Health & Food
New drugs prolong skin cancer patients' lives
LOS ANGELES (KABC) -- Two new drugs to treat skin cancer are giving patients new hope. It's the first time these types of drugs have shown this much promise in helping people with melanoma.
Up until now, doctors had no treatment to prolong survival in people with advanced forms of melanoma, or melanoma that had spread to other parts of the body. But now, two new drugs being hailed as skin cancer breakthroughs have brought hope to people with the deadliest form of the disease.
Four pills a day gave Jim Corcoran a greater chance at a longer life.
He was diagnosed with late-stage skin cancer. The melanoma had spread to his internal organs. Current treatments wouldn't give Corcoran very long to live, but he got on a clinical trial for a new drug called vemurafenib.
"Truly about 80 percent of patients have benefited in some way with some form of tumor shrinkage," said Dr. Ravi Amaravadi, Abramson Cancer Center.
It targets a genetic mutation half of all melanoma patients have.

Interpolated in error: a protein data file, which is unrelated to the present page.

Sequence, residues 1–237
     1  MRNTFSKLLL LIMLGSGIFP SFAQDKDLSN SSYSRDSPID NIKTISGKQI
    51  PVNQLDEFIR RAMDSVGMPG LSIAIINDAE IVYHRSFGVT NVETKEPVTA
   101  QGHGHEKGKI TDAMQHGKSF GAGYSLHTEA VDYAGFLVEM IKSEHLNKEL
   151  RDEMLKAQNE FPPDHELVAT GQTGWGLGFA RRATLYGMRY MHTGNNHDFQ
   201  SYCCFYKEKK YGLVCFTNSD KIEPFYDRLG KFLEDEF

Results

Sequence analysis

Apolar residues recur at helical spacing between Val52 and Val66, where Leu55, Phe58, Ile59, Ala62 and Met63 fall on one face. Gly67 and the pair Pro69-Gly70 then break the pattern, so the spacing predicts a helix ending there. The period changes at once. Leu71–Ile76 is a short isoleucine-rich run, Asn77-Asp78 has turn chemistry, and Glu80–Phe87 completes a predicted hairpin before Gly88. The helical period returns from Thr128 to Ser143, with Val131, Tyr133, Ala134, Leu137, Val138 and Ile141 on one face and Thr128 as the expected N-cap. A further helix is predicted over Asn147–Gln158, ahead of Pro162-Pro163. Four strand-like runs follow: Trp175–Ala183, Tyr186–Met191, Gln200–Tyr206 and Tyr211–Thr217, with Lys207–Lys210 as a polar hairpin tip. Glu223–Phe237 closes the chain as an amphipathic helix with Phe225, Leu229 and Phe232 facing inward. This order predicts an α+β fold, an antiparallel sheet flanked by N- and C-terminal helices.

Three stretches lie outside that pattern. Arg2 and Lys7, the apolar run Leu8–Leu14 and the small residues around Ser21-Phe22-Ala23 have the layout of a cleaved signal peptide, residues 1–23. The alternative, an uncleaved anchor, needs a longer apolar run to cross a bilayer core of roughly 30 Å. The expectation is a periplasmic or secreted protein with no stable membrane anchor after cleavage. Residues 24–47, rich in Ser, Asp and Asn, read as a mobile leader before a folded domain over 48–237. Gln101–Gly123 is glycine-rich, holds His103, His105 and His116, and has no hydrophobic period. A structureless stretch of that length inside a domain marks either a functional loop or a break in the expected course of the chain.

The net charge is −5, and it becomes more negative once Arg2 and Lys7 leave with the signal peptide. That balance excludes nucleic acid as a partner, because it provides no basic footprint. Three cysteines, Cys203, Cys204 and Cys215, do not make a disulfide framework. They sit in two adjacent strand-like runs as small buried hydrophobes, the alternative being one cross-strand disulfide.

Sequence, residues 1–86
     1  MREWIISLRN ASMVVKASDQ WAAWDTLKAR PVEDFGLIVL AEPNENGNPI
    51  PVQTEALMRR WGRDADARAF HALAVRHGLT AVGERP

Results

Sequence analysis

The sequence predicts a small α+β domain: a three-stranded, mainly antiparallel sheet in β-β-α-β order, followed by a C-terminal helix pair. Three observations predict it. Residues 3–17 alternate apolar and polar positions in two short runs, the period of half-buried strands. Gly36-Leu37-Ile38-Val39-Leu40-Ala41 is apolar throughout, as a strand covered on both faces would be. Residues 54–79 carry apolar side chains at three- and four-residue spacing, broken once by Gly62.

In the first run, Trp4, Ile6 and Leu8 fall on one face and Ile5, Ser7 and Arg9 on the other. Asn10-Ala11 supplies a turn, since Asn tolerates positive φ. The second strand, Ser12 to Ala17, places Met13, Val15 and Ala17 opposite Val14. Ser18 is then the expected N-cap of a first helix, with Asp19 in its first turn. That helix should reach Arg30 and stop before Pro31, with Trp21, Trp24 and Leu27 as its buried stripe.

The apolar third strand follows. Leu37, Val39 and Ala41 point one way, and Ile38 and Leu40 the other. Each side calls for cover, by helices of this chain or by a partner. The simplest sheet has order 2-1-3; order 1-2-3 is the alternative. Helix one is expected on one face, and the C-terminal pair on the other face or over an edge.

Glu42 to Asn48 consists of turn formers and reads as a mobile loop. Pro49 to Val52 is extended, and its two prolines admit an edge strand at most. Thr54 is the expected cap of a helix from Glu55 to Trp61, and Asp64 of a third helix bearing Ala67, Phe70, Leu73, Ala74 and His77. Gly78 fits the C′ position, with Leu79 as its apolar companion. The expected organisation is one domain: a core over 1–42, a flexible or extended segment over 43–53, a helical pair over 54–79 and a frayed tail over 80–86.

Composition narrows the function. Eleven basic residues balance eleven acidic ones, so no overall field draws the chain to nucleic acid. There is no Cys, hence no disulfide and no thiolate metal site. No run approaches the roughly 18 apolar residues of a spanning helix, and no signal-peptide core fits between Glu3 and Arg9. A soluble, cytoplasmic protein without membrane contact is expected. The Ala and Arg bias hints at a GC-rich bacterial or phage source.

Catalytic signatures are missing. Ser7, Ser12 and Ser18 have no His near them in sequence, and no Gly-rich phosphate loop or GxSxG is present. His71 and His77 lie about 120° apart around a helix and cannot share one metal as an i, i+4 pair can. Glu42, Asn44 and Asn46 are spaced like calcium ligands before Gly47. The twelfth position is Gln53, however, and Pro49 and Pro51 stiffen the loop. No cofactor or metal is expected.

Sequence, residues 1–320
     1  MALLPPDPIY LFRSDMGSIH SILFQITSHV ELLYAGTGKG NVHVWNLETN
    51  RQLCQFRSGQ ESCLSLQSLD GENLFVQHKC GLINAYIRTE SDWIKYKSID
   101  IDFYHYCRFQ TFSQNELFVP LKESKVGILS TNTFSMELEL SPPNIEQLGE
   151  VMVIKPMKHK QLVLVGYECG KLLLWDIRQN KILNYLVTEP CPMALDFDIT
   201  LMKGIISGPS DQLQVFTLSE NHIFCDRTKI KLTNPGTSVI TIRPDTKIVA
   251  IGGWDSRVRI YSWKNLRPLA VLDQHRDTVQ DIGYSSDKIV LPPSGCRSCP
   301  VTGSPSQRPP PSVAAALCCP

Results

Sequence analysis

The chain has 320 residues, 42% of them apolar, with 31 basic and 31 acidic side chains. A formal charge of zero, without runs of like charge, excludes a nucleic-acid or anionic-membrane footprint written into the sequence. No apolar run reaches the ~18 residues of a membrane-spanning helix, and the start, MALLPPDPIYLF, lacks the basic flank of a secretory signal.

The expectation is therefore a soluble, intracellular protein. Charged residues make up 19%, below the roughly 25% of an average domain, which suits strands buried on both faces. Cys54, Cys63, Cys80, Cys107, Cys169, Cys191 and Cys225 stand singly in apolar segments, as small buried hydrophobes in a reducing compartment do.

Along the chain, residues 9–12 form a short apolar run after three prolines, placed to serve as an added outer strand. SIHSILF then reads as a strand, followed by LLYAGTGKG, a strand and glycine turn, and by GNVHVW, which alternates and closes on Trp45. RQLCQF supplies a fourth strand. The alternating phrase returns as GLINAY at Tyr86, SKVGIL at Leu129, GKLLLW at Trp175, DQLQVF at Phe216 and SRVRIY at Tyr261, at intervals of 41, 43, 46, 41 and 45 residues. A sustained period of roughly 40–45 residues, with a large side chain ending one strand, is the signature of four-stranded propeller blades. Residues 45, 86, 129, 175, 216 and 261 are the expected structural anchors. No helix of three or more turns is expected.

"These type of targeted therapies basically have much less side effects and are more targeted toward the cancer," said Dr. Vijay Trisal, City of Hope Medical Center.
Trisal says patients once given a few months to live could extend their survival one to two years. But eventually they develop a resistance.
"It's not a cure but these are small steps, these are baby steps," said Trisal.
Researchers at a cancer conference in Chicago also announced the latest in another new skin cancer drug, Yervoy, that received FDA approval in March.
Yervoy works by targeting the immune system to help it fight melanoma. Combined with chemotherapy, patients survive about two months longer.
Trisal says theoretically Yervoy and Vermurafenib could be combined.
"They target two separate areas, so if there is a cascade of effect on the body, you would block one of these at one place, and then boost the immune system, and both of them could work in concert and have a much better effect," said Trisal.
Possible side effects with Vemurafenib include rash and fatigue.
Jim Corcoran is among the 20 percent of patients who had another side effect: less-aggressive squamous cell skin cancers. He's had 100 growths removed so far, but says he'll gladly deal with that, compared to the melanoma.
"This drug, if it continues to work the way it is working, it is fantastic," said Corcoran.
Researchers say they've known about these gene mutations for a while but have only recently developed drugs that specifically target them.
And skin cancer isn't the only type of cancer this kind of targeted therapy may help.
The results are published the New England Journal of Medicine.
cancer, medical research, health & food, denise dador
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